Anthropology and International Relations Alumna Earns Prestigious Marshall Scholarship
Recent anthropology and international relations graduate will study criminology at Oxford University
By UC Davis College of Letters and Science
"A recent UC Davis College of Letters and Science graduate has been awarded a prestigious Marshall Scholarship, a decades-old British government program that pays for American students to pursue advanced degrees at British universities.
Valencia Scott (B.A., anthropology and international relations, ’20) will pursue a doctorate in criminology at the University of Oxford, where she will focus her studies on the criminalization of Black immigrants. She is planning a career in international human rights law.
Scott is one of two Aggies to receive a Marshall Scholarship this year. Naomi Murray ’21, who is majoring in evolution, ecology and biodiversity, will pursue two master’s degrees — one in climate change at University College London and the other in science communication at the University of Manchester — to help her communicate about climate change.
The Marshall Scholarship Program dates back to 1954 as a post-World War II thank-you to the United States, and a means to retain and strengthen the United Kingdom’s close association with its wartime ally. The scholarship is named after U.S. Army Gen. George C. Marshall, namesake of the Marshall Plan, officially the European Recovery Program, which provided billions of dollars in aid to western Europe after the war.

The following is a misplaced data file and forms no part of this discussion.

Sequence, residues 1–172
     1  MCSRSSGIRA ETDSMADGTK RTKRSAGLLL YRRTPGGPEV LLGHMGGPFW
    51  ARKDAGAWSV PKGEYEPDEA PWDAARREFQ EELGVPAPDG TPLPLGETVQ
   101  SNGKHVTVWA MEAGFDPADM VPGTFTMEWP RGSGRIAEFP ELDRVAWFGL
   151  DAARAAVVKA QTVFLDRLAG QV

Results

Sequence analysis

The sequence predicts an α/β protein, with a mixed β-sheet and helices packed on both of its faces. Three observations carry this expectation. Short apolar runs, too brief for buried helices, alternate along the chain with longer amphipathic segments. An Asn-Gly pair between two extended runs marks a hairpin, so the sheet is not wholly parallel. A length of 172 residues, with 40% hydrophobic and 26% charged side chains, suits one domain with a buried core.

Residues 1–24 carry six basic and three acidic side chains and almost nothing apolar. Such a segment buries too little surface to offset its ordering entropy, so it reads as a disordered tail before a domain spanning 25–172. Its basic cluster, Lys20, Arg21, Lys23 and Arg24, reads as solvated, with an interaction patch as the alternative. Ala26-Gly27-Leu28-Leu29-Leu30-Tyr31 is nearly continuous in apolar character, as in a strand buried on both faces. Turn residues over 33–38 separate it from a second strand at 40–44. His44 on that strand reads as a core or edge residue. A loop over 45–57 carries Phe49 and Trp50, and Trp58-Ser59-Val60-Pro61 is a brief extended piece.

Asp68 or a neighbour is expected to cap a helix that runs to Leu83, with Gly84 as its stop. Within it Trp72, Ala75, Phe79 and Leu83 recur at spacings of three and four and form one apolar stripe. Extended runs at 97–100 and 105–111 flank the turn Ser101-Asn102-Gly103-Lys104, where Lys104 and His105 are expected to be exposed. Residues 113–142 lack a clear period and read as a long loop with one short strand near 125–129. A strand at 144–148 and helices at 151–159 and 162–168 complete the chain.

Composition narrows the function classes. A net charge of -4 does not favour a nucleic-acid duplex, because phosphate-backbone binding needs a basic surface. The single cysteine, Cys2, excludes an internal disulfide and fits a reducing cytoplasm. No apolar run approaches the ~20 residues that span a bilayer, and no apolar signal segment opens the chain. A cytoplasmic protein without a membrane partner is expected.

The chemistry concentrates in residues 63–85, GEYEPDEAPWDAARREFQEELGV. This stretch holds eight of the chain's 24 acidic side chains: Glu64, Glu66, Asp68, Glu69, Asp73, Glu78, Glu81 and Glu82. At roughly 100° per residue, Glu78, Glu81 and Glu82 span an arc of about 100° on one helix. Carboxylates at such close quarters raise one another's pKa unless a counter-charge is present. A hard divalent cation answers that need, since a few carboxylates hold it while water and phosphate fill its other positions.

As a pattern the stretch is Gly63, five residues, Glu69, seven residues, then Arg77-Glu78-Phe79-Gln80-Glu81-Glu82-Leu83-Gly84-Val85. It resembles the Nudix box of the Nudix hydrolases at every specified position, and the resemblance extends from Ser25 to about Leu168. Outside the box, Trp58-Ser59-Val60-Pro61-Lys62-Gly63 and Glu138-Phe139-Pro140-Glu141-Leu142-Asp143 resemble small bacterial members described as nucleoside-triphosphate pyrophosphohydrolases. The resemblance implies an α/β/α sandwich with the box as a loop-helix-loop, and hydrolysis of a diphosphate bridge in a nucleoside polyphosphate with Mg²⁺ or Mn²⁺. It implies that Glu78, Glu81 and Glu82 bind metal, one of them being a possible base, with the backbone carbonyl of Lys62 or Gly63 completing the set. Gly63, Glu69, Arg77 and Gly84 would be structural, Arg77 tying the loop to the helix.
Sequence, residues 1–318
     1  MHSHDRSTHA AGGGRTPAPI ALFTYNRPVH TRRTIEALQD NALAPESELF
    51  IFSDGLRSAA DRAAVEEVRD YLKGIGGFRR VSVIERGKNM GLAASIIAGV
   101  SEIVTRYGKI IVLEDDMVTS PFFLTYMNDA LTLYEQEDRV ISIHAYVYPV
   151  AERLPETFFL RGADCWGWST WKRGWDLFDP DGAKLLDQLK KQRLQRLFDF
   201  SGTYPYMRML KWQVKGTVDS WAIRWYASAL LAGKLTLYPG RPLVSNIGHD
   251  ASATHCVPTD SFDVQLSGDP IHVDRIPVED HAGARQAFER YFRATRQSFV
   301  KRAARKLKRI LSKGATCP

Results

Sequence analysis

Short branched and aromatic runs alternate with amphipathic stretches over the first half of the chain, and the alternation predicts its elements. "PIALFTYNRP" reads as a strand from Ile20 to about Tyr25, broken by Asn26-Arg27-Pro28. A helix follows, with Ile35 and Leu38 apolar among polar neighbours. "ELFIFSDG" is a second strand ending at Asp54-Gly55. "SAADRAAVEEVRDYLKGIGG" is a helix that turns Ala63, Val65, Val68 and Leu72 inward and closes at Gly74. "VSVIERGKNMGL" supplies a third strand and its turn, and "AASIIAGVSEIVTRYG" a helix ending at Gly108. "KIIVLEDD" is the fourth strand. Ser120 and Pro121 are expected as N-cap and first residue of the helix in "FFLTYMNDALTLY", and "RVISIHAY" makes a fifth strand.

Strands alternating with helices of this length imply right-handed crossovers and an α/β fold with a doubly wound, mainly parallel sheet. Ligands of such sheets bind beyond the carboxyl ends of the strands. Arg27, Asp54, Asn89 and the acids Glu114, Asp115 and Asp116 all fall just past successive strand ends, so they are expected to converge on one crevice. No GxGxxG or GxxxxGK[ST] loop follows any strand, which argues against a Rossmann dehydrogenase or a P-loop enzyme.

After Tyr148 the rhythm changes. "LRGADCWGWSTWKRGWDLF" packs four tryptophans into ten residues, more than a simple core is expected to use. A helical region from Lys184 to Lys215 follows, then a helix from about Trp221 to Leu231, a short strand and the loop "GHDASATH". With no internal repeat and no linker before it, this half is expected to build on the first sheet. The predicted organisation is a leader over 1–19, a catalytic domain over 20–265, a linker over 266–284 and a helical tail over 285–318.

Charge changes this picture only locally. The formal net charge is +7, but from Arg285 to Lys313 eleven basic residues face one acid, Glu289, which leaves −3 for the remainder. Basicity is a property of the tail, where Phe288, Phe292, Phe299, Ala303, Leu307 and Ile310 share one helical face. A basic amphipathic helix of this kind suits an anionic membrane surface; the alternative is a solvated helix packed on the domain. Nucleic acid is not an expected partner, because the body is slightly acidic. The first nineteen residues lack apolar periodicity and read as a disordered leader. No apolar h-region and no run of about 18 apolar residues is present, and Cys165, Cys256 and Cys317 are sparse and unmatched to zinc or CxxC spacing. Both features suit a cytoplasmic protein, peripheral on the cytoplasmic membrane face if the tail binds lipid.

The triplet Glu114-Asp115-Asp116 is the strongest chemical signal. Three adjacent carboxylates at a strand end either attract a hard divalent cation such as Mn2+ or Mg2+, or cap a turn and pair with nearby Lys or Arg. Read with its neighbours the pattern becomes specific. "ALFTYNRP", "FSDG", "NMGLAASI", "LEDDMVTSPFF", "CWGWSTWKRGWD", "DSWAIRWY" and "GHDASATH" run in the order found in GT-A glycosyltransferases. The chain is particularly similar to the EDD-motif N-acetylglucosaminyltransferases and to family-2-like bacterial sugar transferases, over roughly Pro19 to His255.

Highly competitive, merit-based awards for study in any discipline, the scholarship typically covers two years of tuition, research and living expenses, with a total value of about $50,000 a year.
The program awarded 50 scholarships this year. Scott and Murray, who will start their advanced studies in fall 2021, are the third and fourth UC Davis students to be so honored, after College of Letters and Science graduates Lindsay Crawford (B.A., economics, ’03) and Judith (Mansager) Richardson (B.A., English, ’66).
A global look at racism and imprisonment
Scott’s research uses the lens of criminology to study the structural violence suffered by Black immigrants who are detained or incarcerated. As global movements arise to challenge mass incarceration and violence against immigrants, she hopes to uplift Black communities’ narratives in the crossfires of racism and incarceration. Studying the histories of policing, incarceration and immigration in the United States and the United Kingdom will allow her to develop global connections regarding race, immigration and criminalization.
“Witnessing the impact of the prison and immigration systems on my Black community, I learned early on that incarceration and hyper-policing are transnational issues for Black immigrants,” Scott said. “I began searching for answers to understand our experience. My search for a more profound sense of meaning drew me to immigration justice history and discourse.”
A former student advisor to the chancellor, Scott also has a record of service at the AB540 and Undocumented Student Center, the School of Law’s Immigration and Civil Rights Clinic and the Imani Health Clinic, where she co-founded the Imani Legal Clinic.
She is a Benjamin A. Gilman Scholar and a member of Phi Beta Kappa. Her research has been supported by a Provost’s Undergraduate Fellowship, the Department of Anthropology and an Incarceration Initiative Grant."
Read the full story at the UC Davis College of Letters and Science website.